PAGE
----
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When Jeffrey Rubin traveled on a MacArthur fellowship to rural Brazil in 2002 to study a grassroots women’s rights movement, his wife and three daughters went with him. Rubin brought his oldest daughter, 12-year-old Emma Sokoloff-Rubin, who had become captivated by her father’s stories of the Brazilian women’s spirit and determination, on an excursion to the small town of Ibiraiaras to interview a woman who’d been fighting for equal rights since her teens. That was followed several years later by a return trip that sowed the seeds of a 10-year collaboration between Rubin and budding journalist Emma, who shares a far-reaching curiosity and passion for politics with her father, a College of Arts & Sciences associate professor of history.
The result of the Rubins’ efforts is a new book, Sustaining Activism; A Brazilian Women’s Movement and a Father-Daughter Collaboration (Duke University Press, 2013). A rich, intimate blend of history and cultural observation, the book is about a group of young Brazilian women who in 1986 started a movement to secure rights such as maternity leave, pensions, and economic equality for rural women as well as to remake women’s roles at home and in their communities. Together with other activists across the country, the Rubins say, these women helped forge a new democracy in the wake of Brazil’s 20-year military dictatorship, which ended in 1985. As Rubin and his daughter, who are both fluent in Portuguese, returned to the small village year after year, they not only chronicled the women’s enduring grassroots struggle for better lives and a more just society, but formed deep and lasting bonds with the people who populate Sustaining Activism.
Bostonia recently sat down with the Rubin and Sokoloff-Rubin, now a New York City–based writer for Gotham Schools, to discuss their collaboration, their connection to the women of Ibiraiaras, and the evolution of Sustaining Activism.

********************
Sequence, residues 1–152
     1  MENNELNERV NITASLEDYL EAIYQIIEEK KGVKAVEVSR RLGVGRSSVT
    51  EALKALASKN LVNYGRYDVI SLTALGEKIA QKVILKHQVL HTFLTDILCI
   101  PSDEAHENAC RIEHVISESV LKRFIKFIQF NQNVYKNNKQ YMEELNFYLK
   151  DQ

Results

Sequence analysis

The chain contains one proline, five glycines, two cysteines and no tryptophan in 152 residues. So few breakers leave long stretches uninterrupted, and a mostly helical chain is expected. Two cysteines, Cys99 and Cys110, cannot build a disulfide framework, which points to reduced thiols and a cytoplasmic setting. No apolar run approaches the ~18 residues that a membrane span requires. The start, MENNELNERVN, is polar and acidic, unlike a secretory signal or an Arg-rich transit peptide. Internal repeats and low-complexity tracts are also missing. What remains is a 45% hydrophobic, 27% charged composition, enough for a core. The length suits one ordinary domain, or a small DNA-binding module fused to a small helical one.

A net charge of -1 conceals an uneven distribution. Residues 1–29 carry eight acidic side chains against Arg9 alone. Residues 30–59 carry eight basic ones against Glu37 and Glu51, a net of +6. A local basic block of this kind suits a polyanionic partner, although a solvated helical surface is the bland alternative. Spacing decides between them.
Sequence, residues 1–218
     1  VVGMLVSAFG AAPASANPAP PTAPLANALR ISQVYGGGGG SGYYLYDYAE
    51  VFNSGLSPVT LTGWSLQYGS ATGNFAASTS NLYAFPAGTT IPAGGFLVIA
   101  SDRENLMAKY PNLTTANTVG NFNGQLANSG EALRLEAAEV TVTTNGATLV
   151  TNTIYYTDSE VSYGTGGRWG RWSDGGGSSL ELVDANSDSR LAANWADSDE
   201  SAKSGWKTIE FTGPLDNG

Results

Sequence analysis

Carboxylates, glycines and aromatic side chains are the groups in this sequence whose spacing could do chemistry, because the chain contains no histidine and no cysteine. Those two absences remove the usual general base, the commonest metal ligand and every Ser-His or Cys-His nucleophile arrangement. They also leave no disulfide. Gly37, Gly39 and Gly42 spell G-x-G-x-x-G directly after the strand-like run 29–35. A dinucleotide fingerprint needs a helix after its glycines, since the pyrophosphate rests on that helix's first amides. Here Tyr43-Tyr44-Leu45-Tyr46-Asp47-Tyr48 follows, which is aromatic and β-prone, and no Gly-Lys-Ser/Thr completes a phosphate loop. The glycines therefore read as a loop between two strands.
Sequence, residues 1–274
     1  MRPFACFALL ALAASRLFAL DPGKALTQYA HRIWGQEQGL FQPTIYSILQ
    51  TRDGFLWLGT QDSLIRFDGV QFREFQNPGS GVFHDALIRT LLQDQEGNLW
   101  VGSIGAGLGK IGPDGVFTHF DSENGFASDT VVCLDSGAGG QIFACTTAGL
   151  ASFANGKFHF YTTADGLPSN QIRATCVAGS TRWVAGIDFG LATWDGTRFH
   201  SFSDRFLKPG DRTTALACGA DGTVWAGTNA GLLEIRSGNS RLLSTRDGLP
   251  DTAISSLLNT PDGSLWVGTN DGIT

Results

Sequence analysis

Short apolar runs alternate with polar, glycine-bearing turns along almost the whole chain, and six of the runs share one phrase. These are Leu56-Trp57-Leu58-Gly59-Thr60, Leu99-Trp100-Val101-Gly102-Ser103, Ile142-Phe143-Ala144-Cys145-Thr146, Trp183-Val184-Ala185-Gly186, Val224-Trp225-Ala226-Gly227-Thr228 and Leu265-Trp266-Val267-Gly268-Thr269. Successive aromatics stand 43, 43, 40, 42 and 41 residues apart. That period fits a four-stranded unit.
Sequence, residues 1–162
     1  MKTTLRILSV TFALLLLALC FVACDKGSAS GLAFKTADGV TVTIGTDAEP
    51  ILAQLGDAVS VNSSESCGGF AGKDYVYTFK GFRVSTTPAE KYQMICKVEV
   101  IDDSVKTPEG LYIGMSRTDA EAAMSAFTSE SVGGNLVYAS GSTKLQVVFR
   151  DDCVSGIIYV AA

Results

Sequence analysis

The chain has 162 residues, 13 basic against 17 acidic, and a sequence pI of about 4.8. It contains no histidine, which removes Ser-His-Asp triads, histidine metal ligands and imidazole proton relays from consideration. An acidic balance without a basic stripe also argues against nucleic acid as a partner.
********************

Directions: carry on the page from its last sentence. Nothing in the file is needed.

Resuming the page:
Jeffrey Rubin: We had been in Brazil for a year—I was on a MacArthur fellowship. That experience changed our family’s life. I was researching several grassroots movements and was heading off to a statewide assembly meeting and took the family along. Emma was in middle school. I thought my family would enjoy seeing what I was doing, and I thought it would matter for the women. I had a hunch it would be fruitful to bring Emma. How do you do field research as an ethnographer or historian? How do you get people to trust you? As a man studying a women’s movement, bringing my family with me humanized me and made me more than just a person asking questions. It was also a way of bringing together my professional and personal life. And there, some connection was made between the women and Emma that bypassed me.
Emma Sokoloff-Rubin: I remember being struck by the ways that these women, who had fewer resources and less education than I had at 12, had completely transformed their communities, had become activists who’d achieved rights such as maternity leave and pensions. They were ordinary people who changed lives around them. I talked to them in church basements and was drawn in by what they were doing.
Rubin: These were women on small family farms, most of whom worked on other people’s land, who had started the movement when they were close to Emma’s age, and continued their commitments into their late 40s. I met them in 1997 and Emma met them in 2002, several years into the project. To give a little political context, Brazil was under military dictatorship until 1985 and practiced detention and torture, so this activism had its roots in the early ’80s, fighting first against the dictatorship, then organizing in the streets to get rights written into the constitution. The reason I went to Ibiraiaras was that it was one of the focal points of fighting to make Brazil a more democratic place. Brazil has had a fairly remarkable 25-year trajectory. It now has a woman president and is highly democratic, with many kinds of social programs, which grew out of the state-level women’s movement.
Sokoloff-Rubin: After the year we lived in Brazil, my view of the world was shaped by my conversations with those women, and I wanted to share what I learned with my classmates.
You still had to tell me to clean my room, and we were going off to do research together.
Rubin: My wife, a psychiatrist, told me I better keep her safe. I had never been alone with my daughter for a month and been in charge. There was this moment when I said, what am I getting myself into? But after that first trip she really wanted to go back to Brazil, so we came up with this idea that it would be safe and interesting—we’d go back this time and do interviews, and she’d find a way of teaching this in her school.